What is stress?
Stress is a part of most people’s lives, and it can be understood from medical and non-medical perspectives. But whichever way we choose to understand stress, there is one thing we can all agree on: that stress has roots in physical and psychological contexts. That is, when one feels stressed, the effects of stress can be felt physically and emotionally, and this effect varies at different points for different people. How you react to stress is very likely different from how another person would.
Here are some ways in which people have articulated an understanding of stress:
“a physical, mental, or emotional factor that causes bodily or mental tension”;
“a fact of nature in which forces from the inside or outside world affect the individual, either one’s emotional or physical well-being, or both”;
“primarily a physical response. When stressed, the body thinks it is under attack and switches to ‘fight or flight’ mode, releasing a complex mix of hormones and chemicals”;
“a condition or feeling experienced when a person perceives that ‘Demands exceed the personal and social resources the individual is able to mobilise’”
Source: A Needs Assessment: Stress management and burnout prevention for case workers and human rights activists working on issues of gender and sexuality in India – download here.
Is all stress bad?
Common ideas around stress earlier were that it is not always bad; after all, deadlines and last-minute panic often spur many of us into completing tasks that otherwise would never get done! However, recent studies have shown that any kind of stress triggers responses in the body (from increased cortisol to elevated heart rate, for example) that are harmful, and of course, unnecessary. Unrelenting stress could be damaging in multiple ways – to ourselves, our loved ones, our colleagues, the movements we are a part of, and more.
What are unique stressors?
Every individual is an ecosystem that brings together many identities. Age. Gender. Sexual identity. Caste. Religion. Location. Language. Disability status. Education. Occupation. Marital status. And more.
The position we occupy in each of these areas (and more) makes each of us unique.
Therefore, the factors that cause stress, i.e. stressors, also vary for each of us.
The stressors of a woman with disability working in a multi-national company in a city will be different from a woman with disability who practices sex work in a rural town. The stressors of a 50-year-old gay man will be different from a younger gay man – and this will be due to factors beyond just their differences in age.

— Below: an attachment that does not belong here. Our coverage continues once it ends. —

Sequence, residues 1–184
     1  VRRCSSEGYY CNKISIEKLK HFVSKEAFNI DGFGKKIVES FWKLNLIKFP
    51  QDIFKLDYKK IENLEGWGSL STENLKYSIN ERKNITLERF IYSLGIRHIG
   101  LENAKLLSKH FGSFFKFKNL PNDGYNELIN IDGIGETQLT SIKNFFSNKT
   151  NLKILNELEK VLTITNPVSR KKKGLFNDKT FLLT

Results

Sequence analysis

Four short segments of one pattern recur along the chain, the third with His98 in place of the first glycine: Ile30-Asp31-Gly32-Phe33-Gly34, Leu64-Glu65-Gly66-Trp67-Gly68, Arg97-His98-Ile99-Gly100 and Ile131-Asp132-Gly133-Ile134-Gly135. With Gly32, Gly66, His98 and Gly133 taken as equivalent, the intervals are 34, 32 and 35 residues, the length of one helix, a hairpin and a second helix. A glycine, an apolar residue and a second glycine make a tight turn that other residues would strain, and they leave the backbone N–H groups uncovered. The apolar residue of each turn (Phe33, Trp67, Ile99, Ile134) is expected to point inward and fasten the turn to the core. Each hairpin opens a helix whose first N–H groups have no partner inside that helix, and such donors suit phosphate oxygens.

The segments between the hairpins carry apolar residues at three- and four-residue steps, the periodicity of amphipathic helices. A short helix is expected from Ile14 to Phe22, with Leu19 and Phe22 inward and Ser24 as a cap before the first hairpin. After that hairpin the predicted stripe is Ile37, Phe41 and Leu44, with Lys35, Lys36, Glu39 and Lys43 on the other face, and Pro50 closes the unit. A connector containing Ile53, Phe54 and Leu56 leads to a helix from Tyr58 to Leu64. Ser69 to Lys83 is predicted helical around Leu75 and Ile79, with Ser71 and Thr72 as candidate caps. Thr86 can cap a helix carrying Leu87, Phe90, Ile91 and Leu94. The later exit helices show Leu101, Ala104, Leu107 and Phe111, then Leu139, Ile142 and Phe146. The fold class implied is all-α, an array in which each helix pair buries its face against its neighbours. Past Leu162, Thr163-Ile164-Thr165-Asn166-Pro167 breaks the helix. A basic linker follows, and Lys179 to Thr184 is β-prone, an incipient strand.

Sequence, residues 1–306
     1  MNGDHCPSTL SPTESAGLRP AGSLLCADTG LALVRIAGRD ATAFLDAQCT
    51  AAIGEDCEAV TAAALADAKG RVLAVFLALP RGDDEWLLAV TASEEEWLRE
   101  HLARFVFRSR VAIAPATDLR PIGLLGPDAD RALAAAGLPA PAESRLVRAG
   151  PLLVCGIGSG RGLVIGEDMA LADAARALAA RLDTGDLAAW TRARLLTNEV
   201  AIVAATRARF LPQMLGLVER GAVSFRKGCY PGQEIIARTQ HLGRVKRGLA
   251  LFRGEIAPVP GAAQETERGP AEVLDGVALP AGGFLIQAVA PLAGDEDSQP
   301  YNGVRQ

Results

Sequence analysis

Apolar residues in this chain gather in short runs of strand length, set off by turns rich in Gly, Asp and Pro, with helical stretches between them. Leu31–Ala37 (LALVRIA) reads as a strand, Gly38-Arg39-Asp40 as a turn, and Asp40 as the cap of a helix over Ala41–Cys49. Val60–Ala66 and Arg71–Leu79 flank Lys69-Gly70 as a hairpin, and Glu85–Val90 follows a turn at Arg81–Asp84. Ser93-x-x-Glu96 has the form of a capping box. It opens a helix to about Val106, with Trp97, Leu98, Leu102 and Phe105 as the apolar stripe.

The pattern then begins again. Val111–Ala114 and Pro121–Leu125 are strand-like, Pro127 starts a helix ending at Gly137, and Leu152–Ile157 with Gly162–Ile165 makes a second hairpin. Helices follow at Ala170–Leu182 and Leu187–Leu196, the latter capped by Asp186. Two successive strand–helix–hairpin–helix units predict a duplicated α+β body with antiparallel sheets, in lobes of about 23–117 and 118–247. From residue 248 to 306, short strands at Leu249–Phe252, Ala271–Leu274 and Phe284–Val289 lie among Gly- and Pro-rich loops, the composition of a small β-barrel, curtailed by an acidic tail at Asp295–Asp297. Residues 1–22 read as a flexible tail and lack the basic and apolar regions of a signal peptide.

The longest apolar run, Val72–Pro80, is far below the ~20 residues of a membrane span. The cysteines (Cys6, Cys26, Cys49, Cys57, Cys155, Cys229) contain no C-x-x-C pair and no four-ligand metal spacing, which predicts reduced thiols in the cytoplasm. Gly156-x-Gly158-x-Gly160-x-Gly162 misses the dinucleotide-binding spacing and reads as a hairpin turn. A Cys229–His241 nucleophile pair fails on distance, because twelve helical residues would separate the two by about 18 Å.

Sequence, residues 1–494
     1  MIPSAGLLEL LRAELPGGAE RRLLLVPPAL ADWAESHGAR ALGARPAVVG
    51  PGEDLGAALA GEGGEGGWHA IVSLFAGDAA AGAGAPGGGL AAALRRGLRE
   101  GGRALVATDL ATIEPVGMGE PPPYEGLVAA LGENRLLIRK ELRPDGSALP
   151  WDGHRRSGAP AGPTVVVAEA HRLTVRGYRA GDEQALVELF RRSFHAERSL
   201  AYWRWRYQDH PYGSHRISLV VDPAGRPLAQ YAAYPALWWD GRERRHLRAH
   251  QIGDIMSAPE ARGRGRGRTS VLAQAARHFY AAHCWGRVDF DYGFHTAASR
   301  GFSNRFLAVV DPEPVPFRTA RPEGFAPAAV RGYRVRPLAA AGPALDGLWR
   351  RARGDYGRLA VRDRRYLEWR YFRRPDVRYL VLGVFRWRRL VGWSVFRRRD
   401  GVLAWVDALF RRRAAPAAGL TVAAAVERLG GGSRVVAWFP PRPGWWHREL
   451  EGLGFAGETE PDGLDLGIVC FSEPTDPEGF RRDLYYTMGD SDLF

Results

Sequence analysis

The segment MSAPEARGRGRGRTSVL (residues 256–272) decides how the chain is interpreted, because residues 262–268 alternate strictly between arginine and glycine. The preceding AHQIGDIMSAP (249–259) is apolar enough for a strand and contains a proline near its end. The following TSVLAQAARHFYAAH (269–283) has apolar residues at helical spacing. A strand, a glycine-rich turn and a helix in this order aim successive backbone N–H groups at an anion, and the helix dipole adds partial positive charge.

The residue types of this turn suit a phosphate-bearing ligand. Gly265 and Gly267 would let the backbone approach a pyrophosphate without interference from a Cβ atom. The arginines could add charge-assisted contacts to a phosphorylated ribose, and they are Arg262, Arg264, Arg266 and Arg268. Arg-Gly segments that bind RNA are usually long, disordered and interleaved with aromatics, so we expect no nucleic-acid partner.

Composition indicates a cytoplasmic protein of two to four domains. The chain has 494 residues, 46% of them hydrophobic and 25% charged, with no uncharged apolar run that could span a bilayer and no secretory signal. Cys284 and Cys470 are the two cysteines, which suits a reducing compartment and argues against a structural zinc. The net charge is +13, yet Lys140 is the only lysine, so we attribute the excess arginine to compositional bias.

What kinds of effects can stress have?
Stress affects every individual differently. Some may feel mainly the psychological effects of stress, while many others feel it manifesting in their bodies too – common symptoms are headaches and some impact on digestion, sleep and appetite. Stress can also manifest as physical pain in limbs or other parts of the body. Human beings are ecosystems of their own, so the mind and body are connected in ways that we are only beginning to learn about.
While the effects of stress on an individual are worrying enough, stress also affects our environment, and the people with whom we interact. It is likely that you will know when someone around you – a family member, a loved one, or a colleague – are feeling the effects of your stress. Stress could affect, for a short or long time, one’s relationships, health, interest in and ability to do their work, and possibly question the values one holds.
What do I do if I’m feeling stressed?
Stress is a part of our lives, so rather than wishing stress away, one will find it more empowering to find ways to it better. When self-care is an integral part of one’s life, it helps us manage small, everyday stress better. Self-care also helps us build resilience over time, helping us cope better with potential situations of stress. Finally, a part of self-care is also about regularly reflecting on our values and reminding ourselves about why we do what we do.
Self-care can include simple steps that can immediately reduce the physical effects of stress, such as taking deep breaths. Or taking a break in some way – say, listening to music or something soothing, getting a distraction from the stressful environment such as stepping out, getting a warm, soothing beverage, and so on.
That said, since stress can be because of diverse factors – personal, organisational or societal – self-care that only includes simple activities such as the ones listed above may not always be effective in the long run. These factors may require more systematic work, not just as an individual, but also as an individual part of a larger organisation, collective or society.
But worry not! This website is dedicated to helping you reflect and find ways to manage stress and prevent burnout. And to start with, we want to acknowledge the following three aspects, which can go a long way in stress management and burnout prevention. We will fill this website with more information and resources on the following topics, but in the meantime, we have listed a few links that will help you learn more (and we’ll add more soon).
- Setting boundaries: The Alternative Story’s podcast on setting boundaries
- Habit formation: James Clear on Habits; Tiny Habits: The Small Changes that Change Everything by Dr. BJ Fogg. Check out these free trainings on how habits can help you with positivity and wellness.
- Time management: Why is time management key?; Women, Work, Creativity, Leisure and Time. Because Time is a Feminist Issue; and Time Management for Busy Activists